The Weird and the Wonderful (Part 2 of 2) - Day 356
The day continued meeting the weird and wonderful, both people and places.
Getting to Nieu-Bethesda, the scenery was incredible, again with the backdrop of mountains with interesting rock formations. We finally arrived at lunchtime. There wasn’t too much choice, so we entered a somewhat dilapidated cottage called The Village Inn and walked around the small rooms trying to find someone to serve us. Eventually, a lady came out of the kitchen and gave us the menu. Not too many options for a non-meat eater; we are in South Africa, famous for its meat braais!
In the main room, there was a family with three children finishing their lunch. Was that an English accent I detect? We got chatting to Harry and Anna Stopes and found out that they have been travelling for nearly 2 years, first around Asia, including Sri Lanka and have been in South Africa for, I think, 7 months. Harry is a GP and has been working in a hospital around East London, a city in the Eastern Cape. What a delightful family. We talked a bit about travel and education, plus Dr Chatterjee’s book The Four Pillar Plan, Harry agreed that so many people’s health issues would be resolved with better diet and not living a sedentary life. We said our farewells, they were off to find some fossils. What an excellent education for their children, having real-life experiences like that.
Off to The Owl House next. What a weird place! It was owned by a lady called Helen Martins. After caring for her elderly parents who both died in the 1940s, she turned her home into a place of colour using coloured glass for the windows, painted the rooms a rainbow of shades and decorated these with ground glass. The walls were like multi-coloured sand-paper! What an interesting character she must have been. Outside she, and a local man called Koos created more than 300 statutes in the small garden, some near-enough life-sized. These included the nativity with the three kings on camels, etc., some pyramids, many owls with eyes made of glass and quite a few maidens with glass bottle dresses. Mmm..not my cup of tea. And talking of tea, we then went to visit Auntie Evelyne for a nice cuppa and a slice of homemade bread.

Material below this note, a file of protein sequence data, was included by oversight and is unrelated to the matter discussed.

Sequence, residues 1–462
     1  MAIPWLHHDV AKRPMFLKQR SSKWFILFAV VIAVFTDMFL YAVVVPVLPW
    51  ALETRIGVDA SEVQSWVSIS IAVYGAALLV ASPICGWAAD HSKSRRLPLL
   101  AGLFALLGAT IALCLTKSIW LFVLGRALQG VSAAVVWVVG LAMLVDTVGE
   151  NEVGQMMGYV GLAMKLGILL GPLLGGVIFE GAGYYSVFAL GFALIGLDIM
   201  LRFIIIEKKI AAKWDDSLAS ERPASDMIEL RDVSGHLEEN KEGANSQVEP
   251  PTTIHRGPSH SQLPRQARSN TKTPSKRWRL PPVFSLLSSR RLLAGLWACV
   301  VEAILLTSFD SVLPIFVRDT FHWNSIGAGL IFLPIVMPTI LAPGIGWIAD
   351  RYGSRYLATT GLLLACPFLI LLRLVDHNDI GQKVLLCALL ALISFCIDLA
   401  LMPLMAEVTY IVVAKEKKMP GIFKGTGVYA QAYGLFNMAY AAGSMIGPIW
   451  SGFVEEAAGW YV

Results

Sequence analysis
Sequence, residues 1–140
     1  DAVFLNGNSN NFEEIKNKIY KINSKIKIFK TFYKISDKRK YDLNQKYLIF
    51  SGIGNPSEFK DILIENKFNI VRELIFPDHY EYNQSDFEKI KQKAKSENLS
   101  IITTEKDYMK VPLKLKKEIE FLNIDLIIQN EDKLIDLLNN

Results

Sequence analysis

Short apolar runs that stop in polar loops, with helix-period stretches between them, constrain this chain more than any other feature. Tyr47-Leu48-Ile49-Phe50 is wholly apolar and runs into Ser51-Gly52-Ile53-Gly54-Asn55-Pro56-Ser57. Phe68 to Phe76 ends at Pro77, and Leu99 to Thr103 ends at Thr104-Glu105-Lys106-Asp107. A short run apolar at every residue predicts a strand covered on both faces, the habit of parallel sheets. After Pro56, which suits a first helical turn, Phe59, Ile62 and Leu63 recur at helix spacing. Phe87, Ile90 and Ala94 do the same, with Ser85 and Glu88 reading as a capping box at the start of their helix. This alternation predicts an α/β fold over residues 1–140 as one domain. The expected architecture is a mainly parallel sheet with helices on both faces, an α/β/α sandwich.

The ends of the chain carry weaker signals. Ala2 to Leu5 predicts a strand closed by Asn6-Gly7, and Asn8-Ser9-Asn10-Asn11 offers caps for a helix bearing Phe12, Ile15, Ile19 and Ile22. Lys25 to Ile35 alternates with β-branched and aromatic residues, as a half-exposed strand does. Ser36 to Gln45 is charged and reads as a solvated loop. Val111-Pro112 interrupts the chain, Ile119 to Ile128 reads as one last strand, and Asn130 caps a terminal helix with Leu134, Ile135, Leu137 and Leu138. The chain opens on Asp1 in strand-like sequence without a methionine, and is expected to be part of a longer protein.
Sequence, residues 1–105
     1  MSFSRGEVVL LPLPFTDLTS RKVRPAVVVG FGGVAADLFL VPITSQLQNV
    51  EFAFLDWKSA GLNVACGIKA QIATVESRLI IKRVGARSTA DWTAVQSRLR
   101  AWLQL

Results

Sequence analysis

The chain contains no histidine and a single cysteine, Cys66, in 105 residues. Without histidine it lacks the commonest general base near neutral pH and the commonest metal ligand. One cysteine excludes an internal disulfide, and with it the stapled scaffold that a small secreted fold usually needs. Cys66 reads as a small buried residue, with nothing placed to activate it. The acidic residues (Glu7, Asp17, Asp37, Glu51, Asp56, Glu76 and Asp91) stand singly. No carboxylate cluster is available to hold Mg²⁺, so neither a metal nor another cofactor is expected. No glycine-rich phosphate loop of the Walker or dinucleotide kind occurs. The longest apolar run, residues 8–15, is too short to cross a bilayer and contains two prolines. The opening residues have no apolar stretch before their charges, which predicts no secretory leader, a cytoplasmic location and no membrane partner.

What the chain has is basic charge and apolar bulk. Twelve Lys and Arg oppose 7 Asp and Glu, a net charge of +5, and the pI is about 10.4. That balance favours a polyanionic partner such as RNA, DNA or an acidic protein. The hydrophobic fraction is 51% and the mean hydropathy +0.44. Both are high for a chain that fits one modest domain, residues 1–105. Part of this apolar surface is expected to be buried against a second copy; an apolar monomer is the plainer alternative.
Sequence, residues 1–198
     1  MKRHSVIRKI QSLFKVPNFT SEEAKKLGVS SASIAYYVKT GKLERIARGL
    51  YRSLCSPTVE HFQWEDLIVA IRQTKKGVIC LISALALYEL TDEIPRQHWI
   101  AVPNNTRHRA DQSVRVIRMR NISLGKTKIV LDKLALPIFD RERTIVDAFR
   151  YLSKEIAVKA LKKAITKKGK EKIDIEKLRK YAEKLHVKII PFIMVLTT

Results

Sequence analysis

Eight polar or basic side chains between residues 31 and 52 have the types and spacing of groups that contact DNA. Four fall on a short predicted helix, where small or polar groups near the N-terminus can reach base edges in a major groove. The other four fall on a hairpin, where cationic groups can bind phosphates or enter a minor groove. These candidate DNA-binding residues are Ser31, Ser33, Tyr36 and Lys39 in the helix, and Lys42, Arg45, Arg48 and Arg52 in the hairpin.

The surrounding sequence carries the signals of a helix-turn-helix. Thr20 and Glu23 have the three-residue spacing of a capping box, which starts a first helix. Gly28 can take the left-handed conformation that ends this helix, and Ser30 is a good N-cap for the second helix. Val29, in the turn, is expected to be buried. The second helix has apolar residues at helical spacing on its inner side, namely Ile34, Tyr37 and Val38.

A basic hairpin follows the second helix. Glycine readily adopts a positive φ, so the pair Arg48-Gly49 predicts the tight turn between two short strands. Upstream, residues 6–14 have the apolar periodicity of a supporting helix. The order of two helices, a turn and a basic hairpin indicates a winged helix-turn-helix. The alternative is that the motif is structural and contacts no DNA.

What a delightful woman Auntie Evelyne is. Larger than life, she is a profoundly religious lady and believes in the power of prayer. From my own personal spiritual experience, despite not being religious, and talking with my sisters about prayer, it is incredible what transpires when prayer comes from a place of selfless love. Auntie Evelyne shared how in one year she lost both of her two sons who were both killed by drunk drivers. Afterwards, she prayed and was told to care for children. She fosters 4 orphan children and feeds over 50 children daily, often not sure where the next day’s food will come from. Through prayer, either money or food turns up. What an amazing and inspiring lady. It was such a humble experience and an honour to have met her. Each day we read the news of hate and violence in the world, yet there are thousands of people, just like Auntie Evelyne who selflessly change the lives for so many. Why doesn’t the media focus on people like this?
Later she proudly showed us around one of her huts which is being transformed into a hostel. The main room has a couple of beds in it, and cardboard is being used as insulation. How resourceful.
It was time for us to leave. We wanted to get to the Valley of Desolation before sunset. This is a 14km drive the other way from Graaff-Reinet inside the Camdeboo National Park which has been declared as a National Monument of geographical and scenic significance. When we arrived, we were surprised by the excellent tar road taking us up towards the breathtaking views. On the way up we stopped off at the Toposcope, giving us a fabulous vista of Graaff-Reinet, “set like a jewel within a horseshoe bend of the Sundays river” as the pamphlet described. We carried on up the mountain, climbed up the rock path to a fantastic view. Superlatives don’t give it justice!
Rows of gigantic natural cubes of deep orangey red Dolerite rock precariously balance on top of one another stood before us. I wondered if we were standing on top of a similar landscape. Behind these sheer cliffs was a mountain that looked completely round with a bare rock cylindrical top. Was this the volcano that caused this incredible sight over 100 million years ago, we wondered.
While waiting for the sun to set, snuggled up in the freezing temperature, a large group of Germans arrived with two local guides. They got out boxes of red and white wine, beers and juices for the group and then kindly offered us a drink. We had such a lovely chat with the two guys, bantering about the rugby, sharing about our travels, making them jealous. One was working out how long it was before he could do something similar. Eight years was the answer.
We were fortunate with the sunset as the sky was full of large cumulus nimbus clouds, however, had kindly left a gap just above the horizon for us to see the sun dipping down causing beautiful golden and red sky. What a lovely end to a weird and wonderful day.